As a first time home buyer, it is highly likely that any home loan lenders you work with will require an escrow account. Setting up an escrow account is nothing new—but it is a concept you’ll want to understand. Generally speaking, an escrow account is one set up with funds put aside to pay for property taxes and your newly acquired home insurance.

The term and use of an escrow account can also come into play during the home buying process itself! Here’s what first time home buyers need to know about escrow with insight from top home loan lenders in Texas and Virginia.

Different Types of Escrow Accounts

There are two main types of escrow accounts you will likely encounter. The first comes from your real estate agent and attorney as part of the home-buying process. When you go to buy a home, you are likely to need to establish an escrow account. This will be an account where you will place earnest money towards the purchase of the home.

Say you want to buy a home that is worth $400,000, and the buyer accepts your offer. Between the point of the purchase and closing, you will likely need to put a percentage of that purchase price into an escrow account. In the event you back out of the sale or something goes wrong, you may not get that earnest money back. This is why we encourage a home inspection with every purchase.

If all goes as planned, that earnest money comes off the amount you bring to the closing.

The second type of escrow account is one that you will set up when working with home loan lenders. This account will behave more like a ‘savings account’ you put money into monthly. If using the right formula for your ‘savings,’ there should always be enough in the escrow account to pay for the property taxes and home insurance on your new home.

Developing the Initial Escrow With Home Loan Lenders

Upon completion of the home closing and setting up your mortgage, your mortgage lender will need you to pay in a certain amount to set up your initial escrow balance. This will be a large enough dollar amount so that any home loan lenders you work with can be sure they can pay for your home insurance and real estate taxes when necessary. From there, it will be a monthly payment that you will make to replenish the escrow account.

Calculating the Escrow Payment

  • As we outlined above, when you pay your mortgage monthly, you will be placing a portion of that payment into an escrow account.
  • Your mortgage lender will do a calculation to determine what that payment is monthly, and it can change from one year to the next.

In a basic example, assume you have home insurance costing $1,000 and real estate property taxes also costing $1,400 annually. In total, that is $2,400 in expenses your mortgage lender will be paying on your behalf. On a monthly basis, they will likely have you paying $200 into your escrow account so that they have the funds necessary to pay those fees for you.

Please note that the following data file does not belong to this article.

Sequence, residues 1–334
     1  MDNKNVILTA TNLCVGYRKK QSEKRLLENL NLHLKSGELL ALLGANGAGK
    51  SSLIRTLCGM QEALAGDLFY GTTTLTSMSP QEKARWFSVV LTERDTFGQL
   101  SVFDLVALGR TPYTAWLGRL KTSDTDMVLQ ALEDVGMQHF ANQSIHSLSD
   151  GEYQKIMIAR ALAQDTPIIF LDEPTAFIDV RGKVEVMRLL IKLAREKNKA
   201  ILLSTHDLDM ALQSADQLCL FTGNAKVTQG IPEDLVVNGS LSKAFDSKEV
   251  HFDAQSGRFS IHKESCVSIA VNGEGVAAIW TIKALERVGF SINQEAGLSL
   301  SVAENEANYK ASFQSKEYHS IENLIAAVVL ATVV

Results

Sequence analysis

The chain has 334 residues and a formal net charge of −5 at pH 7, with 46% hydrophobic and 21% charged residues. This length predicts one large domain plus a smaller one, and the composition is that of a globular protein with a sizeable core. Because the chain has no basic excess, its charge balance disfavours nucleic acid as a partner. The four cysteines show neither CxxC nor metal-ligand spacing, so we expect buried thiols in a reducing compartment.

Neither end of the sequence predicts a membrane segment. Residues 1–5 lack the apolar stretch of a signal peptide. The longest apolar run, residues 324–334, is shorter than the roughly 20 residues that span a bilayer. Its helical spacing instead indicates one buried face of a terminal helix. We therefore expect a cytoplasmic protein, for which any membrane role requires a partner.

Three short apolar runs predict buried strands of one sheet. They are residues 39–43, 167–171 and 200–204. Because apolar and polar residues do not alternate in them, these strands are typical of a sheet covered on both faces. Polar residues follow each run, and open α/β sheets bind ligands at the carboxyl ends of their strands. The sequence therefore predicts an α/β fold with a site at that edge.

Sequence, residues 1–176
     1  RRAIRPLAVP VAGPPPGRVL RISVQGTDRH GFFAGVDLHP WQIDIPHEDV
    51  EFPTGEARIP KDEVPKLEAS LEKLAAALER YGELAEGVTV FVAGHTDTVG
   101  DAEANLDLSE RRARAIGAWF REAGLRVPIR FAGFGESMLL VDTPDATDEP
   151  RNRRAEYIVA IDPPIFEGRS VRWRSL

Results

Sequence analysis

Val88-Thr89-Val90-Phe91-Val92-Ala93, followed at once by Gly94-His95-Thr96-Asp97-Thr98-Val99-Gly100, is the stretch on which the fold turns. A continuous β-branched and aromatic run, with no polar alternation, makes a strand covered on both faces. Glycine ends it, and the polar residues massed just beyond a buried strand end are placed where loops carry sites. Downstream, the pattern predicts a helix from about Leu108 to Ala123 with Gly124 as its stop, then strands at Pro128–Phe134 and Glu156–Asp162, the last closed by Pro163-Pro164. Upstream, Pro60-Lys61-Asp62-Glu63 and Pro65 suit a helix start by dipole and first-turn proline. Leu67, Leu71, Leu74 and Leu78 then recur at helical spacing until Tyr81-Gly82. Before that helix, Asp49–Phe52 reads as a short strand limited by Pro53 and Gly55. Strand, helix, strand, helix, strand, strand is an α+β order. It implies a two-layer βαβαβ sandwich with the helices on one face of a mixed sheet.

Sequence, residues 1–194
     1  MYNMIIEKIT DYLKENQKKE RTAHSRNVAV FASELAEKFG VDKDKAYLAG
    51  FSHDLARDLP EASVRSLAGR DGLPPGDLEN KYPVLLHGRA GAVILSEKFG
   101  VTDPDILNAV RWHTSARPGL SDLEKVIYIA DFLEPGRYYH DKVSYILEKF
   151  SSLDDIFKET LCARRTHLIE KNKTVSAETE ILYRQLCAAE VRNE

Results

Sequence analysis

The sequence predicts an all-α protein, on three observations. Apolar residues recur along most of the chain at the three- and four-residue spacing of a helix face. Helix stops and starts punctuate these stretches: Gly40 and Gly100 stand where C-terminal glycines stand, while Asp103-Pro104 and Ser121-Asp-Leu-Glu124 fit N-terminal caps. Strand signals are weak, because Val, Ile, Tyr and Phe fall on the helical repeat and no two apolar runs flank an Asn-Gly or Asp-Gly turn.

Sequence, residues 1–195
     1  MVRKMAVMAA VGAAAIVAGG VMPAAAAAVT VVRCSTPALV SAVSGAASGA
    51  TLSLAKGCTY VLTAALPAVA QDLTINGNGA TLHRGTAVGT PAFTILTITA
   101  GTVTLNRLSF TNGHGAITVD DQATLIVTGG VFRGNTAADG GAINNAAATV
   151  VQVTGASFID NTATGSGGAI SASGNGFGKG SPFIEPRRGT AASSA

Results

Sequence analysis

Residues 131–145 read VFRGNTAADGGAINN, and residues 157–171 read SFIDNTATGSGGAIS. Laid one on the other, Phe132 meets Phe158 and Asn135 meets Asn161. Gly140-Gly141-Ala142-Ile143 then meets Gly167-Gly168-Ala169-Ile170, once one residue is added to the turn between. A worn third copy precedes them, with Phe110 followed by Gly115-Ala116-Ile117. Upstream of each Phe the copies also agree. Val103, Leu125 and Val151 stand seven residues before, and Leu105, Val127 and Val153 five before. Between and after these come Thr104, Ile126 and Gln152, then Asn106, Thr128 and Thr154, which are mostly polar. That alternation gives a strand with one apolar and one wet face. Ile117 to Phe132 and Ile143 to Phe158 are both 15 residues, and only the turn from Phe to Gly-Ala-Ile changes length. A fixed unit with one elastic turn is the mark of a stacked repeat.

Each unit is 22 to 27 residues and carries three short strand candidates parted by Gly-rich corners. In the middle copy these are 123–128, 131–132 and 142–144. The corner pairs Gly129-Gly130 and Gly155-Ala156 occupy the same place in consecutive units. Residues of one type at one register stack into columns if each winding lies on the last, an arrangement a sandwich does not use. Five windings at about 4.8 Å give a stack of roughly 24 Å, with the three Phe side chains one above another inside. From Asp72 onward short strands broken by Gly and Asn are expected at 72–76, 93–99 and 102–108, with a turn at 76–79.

The Impact on Your Mortgage

When you have an escrow payment as part of your mortgage, this is where you start to hear the term ‘PITI’ mentioned. This stands for principal, interest, taxes, and insurance. Your monthly mortgage payment will include the principal payment against your mortgage, the monthly interest based on your mortgage interest rate, as well as an escrow payment that allows for your mortgage lender to pay your taxes and insurance. 

The Annual Escrow Analysis

Your mortgage lender will not leave you with a static escrow payment from one year to the next: it is typical for home insurance as well as real estate taxes to fluctuate from year to year. As this happens, home loan lenders will do an analysis of your monthly payment in relation to what they expect your real estate taxes and home insurance to be in the year ahead. 

When they do this analysis, they will end up with an escrow shortage or an overage. If you have a shortage, you will increase your monthly escrow payment, or you will pay a lump sum to settle the shortage. If you have an overage, it will reduce your monthly escrow payment.

Federal regulations say that your mortgage lender can only keep an amount in your escrow that is equal to your home insurance for the year, property tax bills, as well as two extra monthly payments and an extra $50. If they have more than this in your account, you can expect a check in the mail to settle the escrow surplus.

Whether you are shopping for a home in Virginia Beach, VA, or Plano, TX, you want to have a complete understanding of the mortgage process and where an escrow payment fits into the equation. Working with only the best home loan lenders you can trust helps to paint a better picture of where that escrow payment comes from.

We know you can’t afford to be unclear on the terms of your mortgage and how it will impact you. That’s why we developed a clearer path at the HomeSoon Lending Team to get you home sooner! Just reach out to us, and one of our top loan officers will be happy to guide you through the intricate details of your home purchase—including the importance of getting prequalified!